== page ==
February 16, 2003

This Week's Finds in Mathematical Physics (Week 192)

John Baez

As Bush prepares to bomb Hussein's weapons of mass destruction into oblivion, along with an unknown number of Iraqis, I've been reading reading biographies of nuclear physicists, concentrating on that exciting and terrifying age when they discovered quantum mechanics, the atomic nucleus, the neutron, and fission. I started with this book about Lise Meitner:

1) Ruth Sime, Lise Meitner: A Life in Physics, University of California Press, 1997.

Meitner's life was a fascinating but difficult one. The Austrian government did not open the universities to women until 1901, when she was 23. They had only opened high schools to women in 1899, but luckily her father had hired a tutor to prepare her for the university before it opened, so she was ready to enter as soon as they let her in. She decided to work on physics thanks in part to the enthralling lectures and friendly encouragment of Ludwig Boltzmann. After getting her doctorate in 1906, she went to Berlin to work with Max Planck. At first she found his lectures dry and a bit disappointing compared to Boltzmann's, but she soon saw his ideas were every bit as exciting, and came to respect him immensely.

In Berlin she also began collaborating with Otto Hahn, a young chemist who was working on radioactivity. Since women were not allowed in the chemistry institute, supposedly because their hair might catch fire, she had to perform her experiments in the basement for two years until this policy was ended. Even then, she did not receive any pay at all until 1911! But gradually her official status improved, and by 1926 she became the first woman physics professor in Germany.

Meitner was one of those rare physicists gifted both in theory and experiment; her physics expertise meshed well with the analytical chemistry skills of Hahn, and as a team they identified at least nine new radioisotopes. The most famous of these was the element protactinium, which they discovered and named in 1918. This was the long-sought "mother of actinium" in this decay series:

92 uranium 235    
     | α decay: 7.1 x 10^8 years    
90 thorium 231 
     | β decay: 25.5 hours             
91 protactinium 231                       
     | α decay: 3.25 x 10^4 years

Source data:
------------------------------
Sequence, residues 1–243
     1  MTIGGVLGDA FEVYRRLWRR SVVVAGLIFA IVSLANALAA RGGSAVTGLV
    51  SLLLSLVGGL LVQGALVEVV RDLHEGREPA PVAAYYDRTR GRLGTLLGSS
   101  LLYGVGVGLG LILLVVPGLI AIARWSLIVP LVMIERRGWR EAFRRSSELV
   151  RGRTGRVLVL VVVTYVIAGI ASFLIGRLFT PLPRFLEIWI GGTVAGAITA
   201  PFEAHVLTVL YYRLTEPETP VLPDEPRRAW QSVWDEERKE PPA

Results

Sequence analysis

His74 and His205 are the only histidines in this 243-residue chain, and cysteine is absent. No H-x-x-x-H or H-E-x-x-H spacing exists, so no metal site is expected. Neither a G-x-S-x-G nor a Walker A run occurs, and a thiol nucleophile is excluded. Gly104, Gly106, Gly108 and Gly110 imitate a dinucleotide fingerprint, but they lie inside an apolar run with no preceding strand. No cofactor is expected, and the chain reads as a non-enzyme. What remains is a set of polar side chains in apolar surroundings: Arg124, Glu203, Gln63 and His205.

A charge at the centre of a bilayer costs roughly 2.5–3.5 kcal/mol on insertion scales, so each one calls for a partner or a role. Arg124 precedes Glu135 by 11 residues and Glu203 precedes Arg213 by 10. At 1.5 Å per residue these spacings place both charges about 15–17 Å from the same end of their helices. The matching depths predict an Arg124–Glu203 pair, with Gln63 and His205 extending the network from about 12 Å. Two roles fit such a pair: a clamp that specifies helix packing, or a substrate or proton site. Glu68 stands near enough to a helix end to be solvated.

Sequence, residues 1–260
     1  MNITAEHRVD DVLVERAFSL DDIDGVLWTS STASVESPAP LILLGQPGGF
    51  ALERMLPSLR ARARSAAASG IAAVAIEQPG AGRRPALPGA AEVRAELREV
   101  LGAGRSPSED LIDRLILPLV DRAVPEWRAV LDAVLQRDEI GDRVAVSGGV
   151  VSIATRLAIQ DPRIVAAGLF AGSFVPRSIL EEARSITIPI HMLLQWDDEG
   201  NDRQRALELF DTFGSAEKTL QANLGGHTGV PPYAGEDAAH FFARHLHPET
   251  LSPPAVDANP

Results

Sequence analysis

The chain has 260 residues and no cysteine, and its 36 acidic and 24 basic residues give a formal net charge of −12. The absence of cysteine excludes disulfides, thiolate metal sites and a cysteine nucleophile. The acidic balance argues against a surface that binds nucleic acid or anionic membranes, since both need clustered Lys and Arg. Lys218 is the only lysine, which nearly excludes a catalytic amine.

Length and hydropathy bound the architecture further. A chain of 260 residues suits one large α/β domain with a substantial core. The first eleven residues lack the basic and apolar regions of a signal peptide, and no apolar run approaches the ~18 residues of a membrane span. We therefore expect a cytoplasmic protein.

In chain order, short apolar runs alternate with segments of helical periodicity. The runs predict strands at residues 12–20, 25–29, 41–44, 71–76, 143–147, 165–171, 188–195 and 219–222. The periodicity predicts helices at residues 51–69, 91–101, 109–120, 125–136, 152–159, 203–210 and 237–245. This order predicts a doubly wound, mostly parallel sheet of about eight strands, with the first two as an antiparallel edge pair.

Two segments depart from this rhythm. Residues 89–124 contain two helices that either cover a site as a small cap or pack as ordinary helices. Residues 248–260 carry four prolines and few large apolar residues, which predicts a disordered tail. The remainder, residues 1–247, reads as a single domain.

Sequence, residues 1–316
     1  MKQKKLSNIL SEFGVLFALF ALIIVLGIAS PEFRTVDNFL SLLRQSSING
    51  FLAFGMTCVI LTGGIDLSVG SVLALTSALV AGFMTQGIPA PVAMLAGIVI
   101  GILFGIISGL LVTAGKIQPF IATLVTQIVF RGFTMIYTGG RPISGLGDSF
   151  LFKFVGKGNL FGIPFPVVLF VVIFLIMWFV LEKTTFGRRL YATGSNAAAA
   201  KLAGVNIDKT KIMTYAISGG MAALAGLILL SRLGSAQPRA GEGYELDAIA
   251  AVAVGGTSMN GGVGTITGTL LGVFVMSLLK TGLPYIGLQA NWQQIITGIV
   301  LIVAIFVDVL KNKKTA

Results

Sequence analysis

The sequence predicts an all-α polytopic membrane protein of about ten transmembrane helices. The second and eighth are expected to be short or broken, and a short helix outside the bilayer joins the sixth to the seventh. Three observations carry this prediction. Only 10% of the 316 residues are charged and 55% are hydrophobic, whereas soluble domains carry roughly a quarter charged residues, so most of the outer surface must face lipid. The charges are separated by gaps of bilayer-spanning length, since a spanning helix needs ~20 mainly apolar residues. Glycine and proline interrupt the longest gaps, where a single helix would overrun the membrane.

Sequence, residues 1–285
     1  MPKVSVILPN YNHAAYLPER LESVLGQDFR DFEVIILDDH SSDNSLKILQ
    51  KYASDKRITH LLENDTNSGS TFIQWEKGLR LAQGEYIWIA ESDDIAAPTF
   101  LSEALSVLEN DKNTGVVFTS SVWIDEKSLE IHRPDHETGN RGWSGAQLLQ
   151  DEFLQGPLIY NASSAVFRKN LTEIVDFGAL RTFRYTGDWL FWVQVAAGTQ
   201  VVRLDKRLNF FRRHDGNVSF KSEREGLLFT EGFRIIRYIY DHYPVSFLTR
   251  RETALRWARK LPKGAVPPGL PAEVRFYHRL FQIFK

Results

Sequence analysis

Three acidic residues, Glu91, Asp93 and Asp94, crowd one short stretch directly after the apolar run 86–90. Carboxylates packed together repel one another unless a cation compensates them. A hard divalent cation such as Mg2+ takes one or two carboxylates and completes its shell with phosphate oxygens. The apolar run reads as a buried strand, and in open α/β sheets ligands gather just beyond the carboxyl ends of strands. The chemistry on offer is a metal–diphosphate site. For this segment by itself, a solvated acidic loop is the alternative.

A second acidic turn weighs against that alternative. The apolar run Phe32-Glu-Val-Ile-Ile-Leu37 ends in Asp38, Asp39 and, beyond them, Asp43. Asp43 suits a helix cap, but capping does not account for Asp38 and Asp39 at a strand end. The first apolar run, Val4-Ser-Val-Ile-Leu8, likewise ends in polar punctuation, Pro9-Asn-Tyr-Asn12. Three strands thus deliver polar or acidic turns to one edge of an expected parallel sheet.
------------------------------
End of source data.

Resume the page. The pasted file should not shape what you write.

89 actinium 227
     | β decay: 21.8 years
90 thorium 227
     | α decay: 18.2 days
88 radium 223 
     | α decay: 11.4 days
88 radon 219
     | α decay: 4 seconds 
84 polonium 215
     | α decay: 1.78 milliseconds
82 lead 211
     | β decay: 36.1 minutes
83 bismuth 211 
     | α decay: 2.13 minutes
81 tellurium 207
     | β decay: 4.77 minutes
82 lead 207 

As you can see by staring at the numbers, in "α decay" a nucleus emits a helium nucleus or "α particle" - 2 protons and 2 neutrons - so its atomic number goes down by 2 and its atomic mass goes down by 4. In "β decay" a neutron decays into a proton and emits a neutrino and an electron, or "β particle", so its atomic number goes up by 1 and its mass stays almost the same.

But to understand Meitner's work in context, you have to realize that these facts only became clear through painstaking work and brilliant leaps of intuition. Much of the work was done by her team in Berlin, Pierre and Marie Curie in France, Ernest Rutherford's group in Manchester and later Cambridge, and eventually Enrico Fermi's group in Rome.

At first people thought electrons were bound in a nondescript jelly of positive charge - Thomson's "plum pudding" atom. Even when Rutherford, Geiger and Marsden shot α particles at atoms in 1909 and learned from how they bounced back that the positive charge was concentrated in a small "nucleus", there remained the puzzle of what this nucleus was.

In 1914 Rutherford referred to the hydrogen nucleus as a "positive electron". In 1920 he coined the term "proton". But the real problem was that nobody knew about neutrons! Instead, people guessed that the nucleus consisted of protons and "nuclear electrons", which made its charge differ from the atomic mass. Of course, it was completely mysterious why these nuclear electrons should act different from the others: as Bohr put it, they showed a "remarkable passivity". They didn't even have any spin angular momentum! But on the other hand, they certainly seemed to exist - since sometimes they would shoot out in the form of β radiation!

To solve this puzzle one needed to postulate a neutral particle as heavy as a proton and invent a theory of β decay in which this particle could decay into a proton while emitting an electron. But there was an additional complication: unlike α radiation, which had a definite energy, β radiation had a continuous spectrum of energies. Meitner didn't believe this at first, but eventually her careful experiments forced her and everyone else to admit it was true. The energy bookkeeping just didn't add up properly.

This led to a crisis in nuclear physics around 1929. Bohr decided that the only way out was a failure of conservation of energy! Pauli thought of a slightly less radical way out: in β decay, maybe some of the energy is carried off by yet another neutral particle, this time one of low mass. Two mysterious unseen neutral particles was a lot to stomach! In 1931 Fermi called the big one the "neutron" and the little one the "neutrino". In 1932 Chadwick realized that you could create beams of neutrons by hitting beryllium with α particles. The neutrino was only seen much later, in the 1950s.

(I hope people remember this story when they scoff at the notion that "dark matter" makes up most of the universe: even if something is hard to see, it might still exist.)